A blaze that 'went wrong' gives firefighter big scare


Raymond Tosh never saw it coming.

He took a fire hose seven steps up a stairwell toward a flame-filled apartment in Northwest Baltimore yesterday morning, briefly turning around to get some kinks out of the hose. When he looked back toward the flames, all he saw was a 4-foot ball of fire.

And it was heading his way.

"It was just a normal fire, and all of a sudden it went wrong," Firefighter Tosh recalled from his home in Finksburg.

The fire, which burned out two apartments in the 3000 block of Thorndale Ave. and caused about $48,000 in damage, was caused by a child playing with matches in a second-floor apartment, Battalion Chief Hector L. Torres said.

The blaze, which firefighters extinguished in less than an hour, nearly cost the 44-year-old Firefighter Tosh his life.

When he saw the fireball, Firefighter Tosh leaped down the stairs. Ronald Green, who was holding the hose at the bottom of the stairwell, was hurled out of the building.

The fireball followed, erupting out of the building's front door. But Firefighter Tosh was stuck inside.

So Firefighter Green, who had been knocked to the ground by the blast, went back in.

"The first thing I thought of was him, because I knew he had to be in trouble. . . . I just got my butt up off the ground and made sure he was OK," said Firefighter Green, 27 and a resident of Westminster, recalling how he pulled his colleague out of the burning building.

Both firefighters' helmets were blown off by the fireball, but neither was seriously injured. Firefighter Tosh suffered second-degree burns to both ears, the top of his head and his right leg. Firefighter Green suffered a second-degree burn to his left hand, first-degree burns to his left ear and the side of his head, singed hair and a bruised right knee.

Both men were treated and released from Johns Hopkins Bayview Medical Center's burn unit.

Both said they will never forget the fireball, which blew heavy metal grates and plastic windows as much as 30 feet from the front of the house.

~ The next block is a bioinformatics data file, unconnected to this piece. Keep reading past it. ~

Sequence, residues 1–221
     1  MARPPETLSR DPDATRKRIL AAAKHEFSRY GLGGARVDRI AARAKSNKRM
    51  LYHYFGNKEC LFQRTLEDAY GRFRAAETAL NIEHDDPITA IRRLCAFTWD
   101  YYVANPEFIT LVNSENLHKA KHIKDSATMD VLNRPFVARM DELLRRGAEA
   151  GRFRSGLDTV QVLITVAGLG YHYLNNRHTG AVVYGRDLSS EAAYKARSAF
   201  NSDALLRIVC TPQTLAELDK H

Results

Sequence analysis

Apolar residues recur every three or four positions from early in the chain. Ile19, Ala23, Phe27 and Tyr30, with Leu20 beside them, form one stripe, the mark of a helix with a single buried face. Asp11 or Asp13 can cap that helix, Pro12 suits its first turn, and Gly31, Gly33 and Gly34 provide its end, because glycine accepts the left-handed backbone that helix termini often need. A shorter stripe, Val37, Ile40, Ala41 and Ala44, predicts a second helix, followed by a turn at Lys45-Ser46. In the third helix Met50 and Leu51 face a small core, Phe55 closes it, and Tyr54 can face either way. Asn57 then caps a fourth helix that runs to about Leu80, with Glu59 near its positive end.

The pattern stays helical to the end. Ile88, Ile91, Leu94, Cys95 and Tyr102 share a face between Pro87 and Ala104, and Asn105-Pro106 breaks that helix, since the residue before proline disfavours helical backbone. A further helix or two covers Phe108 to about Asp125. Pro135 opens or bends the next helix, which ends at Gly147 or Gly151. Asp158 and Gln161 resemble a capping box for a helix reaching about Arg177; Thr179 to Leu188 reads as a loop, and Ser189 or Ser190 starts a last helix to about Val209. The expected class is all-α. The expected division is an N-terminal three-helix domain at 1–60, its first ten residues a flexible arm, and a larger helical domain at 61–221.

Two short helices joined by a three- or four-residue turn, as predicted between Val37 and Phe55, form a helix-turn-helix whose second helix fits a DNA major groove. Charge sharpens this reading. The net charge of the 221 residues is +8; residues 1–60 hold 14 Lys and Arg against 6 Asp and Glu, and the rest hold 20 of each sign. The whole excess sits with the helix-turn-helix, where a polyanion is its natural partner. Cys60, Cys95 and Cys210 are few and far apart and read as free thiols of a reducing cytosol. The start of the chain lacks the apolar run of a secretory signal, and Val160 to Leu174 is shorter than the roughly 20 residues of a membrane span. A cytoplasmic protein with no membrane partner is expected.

"I've never seen anything like it in my 20 years," Firefighter Tosh said. Technically, the fireball was what is called a flashover, a natural phenomenon triggered when the temperature gets so hot that everything in a room to ignites simultaneously, Chief Torres said.

Flashovers are rare, but they have become increasingly more common because of modern household materials, said Stephen Foley, a senior fire safety specialist with the National Fire Protection Association.

"If you look at all the plastics and the all the other materials in these newer homes, they burn much hotter," he said.

Yesterday's fireball wasn't caused by a backdraft, which occurs when oxygen enters an airtight room. acting Battalion Chief Gene Snyder, who was in charge of the fire scene, said he saw flames coming out of the second- and third-story windows, which would have prevented a backdraft.

Chief Snyder said he intends to recommend Firefighter Green, a new member of the Fire Department, for a commendation for rescuing Firefighter Tosh.

Firefighter Tosh, a 20-year veteran, said, "I don't think this is going to make me quit. It was definitely a scare."

Firefighter Green said the incident confirms why he joined the department.

"It was just one of those freaky things I'll probably never see again," he said. "I was a paramedic for six years. I just transferred to the Fire Department for all this fun."

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